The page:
The Forests are Dying

Perched below the tree line
twisted tones emerge,
groves of crooked wood
that buckle at the knee.
Lodgepole seedlings
scatter through sunlight,
drifting over seas of spruce
that shimmer in the breeze.
We count your dead
neath looming shadows
that flitter overhead.
A weathered carcass
bearing scars of passing
like a debt,
every untamed flame
and raging swarm
etched into the landscape.
We count your dead
disappearing from view,
as you fade into the background
of our mounting loss.

Dead trees in a subalpine Colorado forest on Niwot Ridge, west of Boulder (Image Credit: Robert Andrus).

This poem is inspired by recent research, which has found that trees in Colorado subalpine forests are dying at increasing rates from warmer and drier summer conditions.

A subalpine forest is a conifer-dominated forest which occurs mainly in the subalpine zone of temperate latitudes. The subalpine zone itself is the zone of plants just below the tree line, i.e. the altitude above which no trees grow. A typical subalpine forest consists mostly of subalpine fir and Engelmann spruce, and in total they cover over 10,000 square miles of the state of Colorado in the United States. Since the early 1980s, researchers have been studying tree mortality in these Colorado subalpine forests, focussing on an area of more than 5,000 marked trees on Niwot Ridge just west of Boulder. These measurements have been made every three years or so, in order to identify the factors causing tree death, and previous research has shown that wildfire and bark beetle activity largely affect the mortality and health of these subalpine forests.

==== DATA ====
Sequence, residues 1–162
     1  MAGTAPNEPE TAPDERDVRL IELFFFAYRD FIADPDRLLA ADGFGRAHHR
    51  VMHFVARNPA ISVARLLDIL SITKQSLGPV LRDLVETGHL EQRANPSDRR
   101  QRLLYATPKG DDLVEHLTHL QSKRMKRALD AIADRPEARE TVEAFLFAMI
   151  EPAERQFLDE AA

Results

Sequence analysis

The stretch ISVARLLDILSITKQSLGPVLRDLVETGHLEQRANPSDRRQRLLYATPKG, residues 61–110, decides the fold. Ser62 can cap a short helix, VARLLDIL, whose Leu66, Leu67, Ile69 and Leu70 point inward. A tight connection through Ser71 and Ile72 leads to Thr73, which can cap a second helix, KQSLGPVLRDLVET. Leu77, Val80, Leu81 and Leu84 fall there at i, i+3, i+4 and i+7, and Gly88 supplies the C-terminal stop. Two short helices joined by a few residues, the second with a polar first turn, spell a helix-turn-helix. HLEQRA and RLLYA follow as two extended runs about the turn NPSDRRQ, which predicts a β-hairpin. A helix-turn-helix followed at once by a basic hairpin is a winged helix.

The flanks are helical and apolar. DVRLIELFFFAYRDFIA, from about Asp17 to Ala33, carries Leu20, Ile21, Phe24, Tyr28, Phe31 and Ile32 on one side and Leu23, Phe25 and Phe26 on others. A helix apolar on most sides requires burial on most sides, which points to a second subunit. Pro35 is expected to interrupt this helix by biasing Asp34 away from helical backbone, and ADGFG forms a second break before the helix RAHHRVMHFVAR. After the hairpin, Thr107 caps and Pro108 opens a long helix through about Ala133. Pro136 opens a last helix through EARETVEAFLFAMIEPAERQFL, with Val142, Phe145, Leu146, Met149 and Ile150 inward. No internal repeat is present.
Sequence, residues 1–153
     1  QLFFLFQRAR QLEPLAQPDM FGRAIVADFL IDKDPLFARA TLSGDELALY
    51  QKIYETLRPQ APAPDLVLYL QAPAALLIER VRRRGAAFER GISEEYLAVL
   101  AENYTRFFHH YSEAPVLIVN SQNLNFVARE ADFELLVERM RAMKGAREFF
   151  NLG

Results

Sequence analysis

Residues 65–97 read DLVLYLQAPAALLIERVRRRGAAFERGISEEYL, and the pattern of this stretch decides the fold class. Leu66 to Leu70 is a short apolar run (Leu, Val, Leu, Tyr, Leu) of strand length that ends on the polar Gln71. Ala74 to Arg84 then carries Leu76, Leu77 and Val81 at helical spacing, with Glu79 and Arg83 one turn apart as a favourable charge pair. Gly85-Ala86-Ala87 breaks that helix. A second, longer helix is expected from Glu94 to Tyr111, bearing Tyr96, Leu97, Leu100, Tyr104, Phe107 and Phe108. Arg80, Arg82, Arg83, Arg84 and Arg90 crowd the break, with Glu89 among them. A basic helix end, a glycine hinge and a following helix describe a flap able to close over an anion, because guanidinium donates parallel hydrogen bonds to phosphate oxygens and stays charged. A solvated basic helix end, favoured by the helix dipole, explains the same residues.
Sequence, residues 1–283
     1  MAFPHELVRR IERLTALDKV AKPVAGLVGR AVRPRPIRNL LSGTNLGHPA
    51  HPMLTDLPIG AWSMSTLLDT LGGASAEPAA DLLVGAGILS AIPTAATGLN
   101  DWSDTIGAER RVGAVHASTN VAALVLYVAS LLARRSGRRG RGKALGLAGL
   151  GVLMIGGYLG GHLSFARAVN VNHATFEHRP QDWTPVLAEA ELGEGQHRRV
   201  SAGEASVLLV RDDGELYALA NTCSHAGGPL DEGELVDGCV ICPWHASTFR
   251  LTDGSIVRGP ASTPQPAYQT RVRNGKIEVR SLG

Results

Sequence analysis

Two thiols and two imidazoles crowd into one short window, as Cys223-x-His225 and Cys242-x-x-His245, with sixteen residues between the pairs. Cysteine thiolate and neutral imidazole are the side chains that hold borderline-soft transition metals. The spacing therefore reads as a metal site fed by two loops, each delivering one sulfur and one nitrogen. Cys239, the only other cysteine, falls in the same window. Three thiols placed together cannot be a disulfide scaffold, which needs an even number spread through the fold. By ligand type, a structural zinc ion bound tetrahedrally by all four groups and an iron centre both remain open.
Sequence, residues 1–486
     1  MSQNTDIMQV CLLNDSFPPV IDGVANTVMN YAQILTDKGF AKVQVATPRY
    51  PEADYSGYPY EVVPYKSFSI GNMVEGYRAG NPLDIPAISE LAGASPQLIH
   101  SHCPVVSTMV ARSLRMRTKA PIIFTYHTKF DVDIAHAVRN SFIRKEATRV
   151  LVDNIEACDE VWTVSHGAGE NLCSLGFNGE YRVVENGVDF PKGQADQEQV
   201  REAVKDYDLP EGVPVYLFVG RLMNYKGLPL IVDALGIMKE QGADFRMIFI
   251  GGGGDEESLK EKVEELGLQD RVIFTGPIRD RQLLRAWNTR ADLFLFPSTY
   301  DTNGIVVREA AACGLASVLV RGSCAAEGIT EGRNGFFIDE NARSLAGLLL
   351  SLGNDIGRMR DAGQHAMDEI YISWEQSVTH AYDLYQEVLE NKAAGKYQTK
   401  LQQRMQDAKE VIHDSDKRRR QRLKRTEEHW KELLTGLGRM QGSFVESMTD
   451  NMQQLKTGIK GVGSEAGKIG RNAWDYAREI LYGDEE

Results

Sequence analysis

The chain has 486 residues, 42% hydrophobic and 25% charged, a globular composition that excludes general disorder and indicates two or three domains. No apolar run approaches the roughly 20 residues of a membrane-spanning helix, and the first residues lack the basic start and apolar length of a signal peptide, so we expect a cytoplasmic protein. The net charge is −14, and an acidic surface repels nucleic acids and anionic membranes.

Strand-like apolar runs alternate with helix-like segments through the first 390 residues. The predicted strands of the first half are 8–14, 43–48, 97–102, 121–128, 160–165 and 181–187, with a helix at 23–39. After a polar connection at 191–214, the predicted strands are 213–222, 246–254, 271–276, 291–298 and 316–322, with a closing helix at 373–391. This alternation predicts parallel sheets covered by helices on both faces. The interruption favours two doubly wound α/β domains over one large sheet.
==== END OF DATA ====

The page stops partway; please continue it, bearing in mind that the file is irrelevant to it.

However, in this new study, researchers have shown that more trees died during summers with higher maximum temperatures and greater moisture deficits. In fact, they found that tree mortality in subalpine Colorado forests not affected by fire or bark beetle outbreaks has more than tripled since the 1980s. This research shows a strong relationship between higher rates of tree mortality and warmer, drier summers, implying that climate change will continue to increase the death rate of trees in subalpine forests. As trees die in increasing numbers the warmer and drier climate is also making it much less likely that new tree seedlings can establish and replace the dead adult trees, thereby vastly reducing the carbon storage potential of the forests and further exasperating the effects of human-made climate change.

2 thoughts on “The Forests are Dying”

  1. So depressing to see this happening. The heat causing this damage and killing the trees that help provide a cooler atmosphere.

    Reply

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